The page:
TL;DR: The reason for this policy about comments is that the StackExchange network was designed to be a Wikipedia-style, easily referenced Q&A database. On the other hand, this is nothing like what mathSE has actually become.
StackExchange is intended as a Q&A network. Among other things, this means that the most important questions are those that more people will have later, all information on a page should be kept as relevant as possible, and the most relevant information should be highlighted and accessible (accepted answers, upvotes). Irrelevant details should be removed not just from comments but also from questions and answers, and Wikipedia-style editing allows this to happen efficiently. Questions that are too localized should be closed under a strict adherence to this philosophy, because they are unlikely to help future visitors to the site or to show up on a google search result.
It follows directly from this philosophy that back-and-forth commenting should be discouraged. Instead, important information should be edited into the post itself, so that it is more accessible. This keeps the site from becoming like a forum, where you have to dig through pages of cumbersome details to find the information you need.
See, providing extended help in the comments is never appropriate.
And extended discussions are not what this network was created for. This is a Q&A Site.
What mathSE actually is: a forum. Sure, it poses as a Q&A database, and because of the site design a lot of the features are optimized for such a database. But at some point, the entire philosophy behind StackExchange seems to have gone out the window.
It is a forum because you ask any question you want, and can hope to get an answer as long as you provide context (notice the focus on context rather than on value or usefulness of the question itself). "Too localized" as a close reason is now effectively gone, with no real incentive for anyone to enforce it anymore and no clear indication that it should be enforced at all. Interesting, obscure questions get lost in the swamp of conceptual duplicates which have been answered hundreds of times before. Finding duplicates, editing, and closing are not rewarded by reputation so they are not particularly widespread behavior, and certainly they are not widespread enough to put a reasonable dent in the never-ending barrage of questions.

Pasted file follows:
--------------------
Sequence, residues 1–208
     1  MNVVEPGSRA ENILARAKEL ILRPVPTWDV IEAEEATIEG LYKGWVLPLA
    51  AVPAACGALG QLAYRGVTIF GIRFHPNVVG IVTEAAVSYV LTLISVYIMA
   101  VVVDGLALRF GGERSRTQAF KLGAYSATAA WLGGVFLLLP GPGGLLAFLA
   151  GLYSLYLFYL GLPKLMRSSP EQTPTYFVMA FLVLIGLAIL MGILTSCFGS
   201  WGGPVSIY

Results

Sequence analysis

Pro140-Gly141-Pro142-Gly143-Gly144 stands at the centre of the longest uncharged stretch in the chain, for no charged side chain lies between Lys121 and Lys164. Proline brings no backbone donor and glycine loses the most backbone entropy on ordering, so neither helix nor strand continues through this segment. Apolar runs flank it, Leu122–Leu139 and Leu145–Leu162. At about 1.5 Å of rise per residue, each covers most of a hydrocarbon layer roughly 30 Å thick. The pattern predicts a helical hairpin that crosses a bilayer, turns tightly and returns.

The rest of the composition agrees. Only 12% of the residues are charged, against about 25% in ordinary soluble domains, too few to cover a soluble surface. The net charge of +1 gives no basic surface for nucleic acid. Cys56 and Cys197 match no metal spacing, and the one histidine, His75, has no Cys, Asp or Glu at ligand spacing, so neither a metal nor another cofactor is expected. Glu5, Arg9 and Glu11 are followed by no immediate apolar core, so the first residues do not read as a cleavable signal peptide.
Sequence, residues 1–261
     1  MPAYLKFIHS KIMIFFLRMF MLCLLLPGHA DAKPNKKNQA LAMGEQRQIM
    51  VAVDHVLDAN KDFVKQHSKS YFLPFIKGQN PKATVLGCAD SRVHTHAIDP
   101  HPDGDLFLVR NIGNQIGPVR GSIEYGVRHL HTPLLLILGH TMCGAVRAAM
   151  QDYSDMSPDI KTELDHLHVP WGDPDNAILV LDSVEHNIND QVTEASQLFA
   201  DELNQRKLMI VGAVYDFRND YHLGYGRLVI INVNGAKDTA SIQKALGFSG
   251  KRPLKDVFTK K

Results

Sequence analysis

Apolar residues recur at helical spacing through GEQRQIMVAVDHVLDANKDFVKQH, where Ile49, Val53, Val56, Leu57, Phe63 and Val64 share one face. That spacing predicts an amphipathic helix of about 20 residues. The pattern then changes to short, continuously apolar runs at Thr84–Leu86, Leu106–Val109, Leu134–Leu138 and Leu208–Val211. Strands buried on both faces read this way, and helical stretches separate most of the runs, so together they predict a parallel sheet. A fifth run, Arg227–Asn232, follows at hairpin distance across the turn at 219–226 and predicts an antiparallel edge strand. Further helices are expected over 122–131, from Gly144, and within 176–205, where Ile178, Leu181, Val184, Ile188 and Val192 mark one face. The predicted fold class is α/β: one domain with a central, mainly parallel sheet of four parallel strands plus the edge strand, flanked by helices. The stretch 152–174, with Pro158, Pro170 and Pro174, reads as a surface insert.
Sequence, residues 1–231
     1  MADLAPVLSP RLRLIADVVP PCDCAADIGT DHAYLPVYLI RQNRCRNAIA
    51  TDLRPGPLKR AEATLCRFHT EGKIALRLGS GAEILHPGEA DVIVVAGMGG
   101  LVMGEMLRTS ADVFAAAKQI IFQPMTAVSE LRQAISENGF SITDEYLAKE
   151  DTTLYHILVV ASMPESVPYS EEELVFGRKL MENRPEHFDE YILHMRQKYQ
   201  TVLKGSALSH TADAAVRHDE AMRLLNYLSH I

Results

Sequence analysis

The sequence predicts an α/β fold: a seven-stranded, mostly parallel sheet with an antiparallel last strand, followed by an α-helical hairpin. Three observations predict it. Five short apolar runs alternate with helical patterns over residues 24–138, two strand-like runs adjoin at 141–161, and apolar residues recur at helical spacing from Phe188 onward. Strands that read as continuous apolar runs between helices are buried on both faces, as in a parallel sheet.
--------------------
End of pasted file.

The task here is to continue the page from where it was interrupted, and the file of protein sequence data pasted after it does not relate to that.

Worse, the Hot Network Questions list (coupled with some related issues) has made it so upvotes no longer indicate either the quality of a post or its widespread applicability. Instead, a large number of upvotes probably indicate that your post is a fun distraction or worthy of attention on Reddit.
Does this comments policy make sense for the site's actual (intended or unintended) purpose?
Many respectable users have upheld mathSE for what it is, and I do not fault them for it; they enjoy helping people, and they are not apparently too fazed by the unending stream of questions or the incredibly low bar we set for content. They may say that it is annoying or pointless to move comment threads to chat, and that it makes it harder to help people. Of the two positions here, theirs is certainly the more consistent with this site's actual usage.
On the other hand, the software wasn't designed for localized homework help. It was designed for excellent questions that help future users. And, it has served its purpose here to a large degree as well. I am often googling math questions and finding incredibly helpful answers from mathSE, formatted perfectly and free from irrelevant information. So it makes sense to at least try to uphold what the site was actually built for, and what in my opinion is really where most of its potential lies.
But those who are insisting that we continue to moderate comments in the way the software wants us to are probably fighting a losing battle, and the votes on this meta thread are not particularly encouraging. Perhaps we should cut the act and embrace mathSE for what it actually is.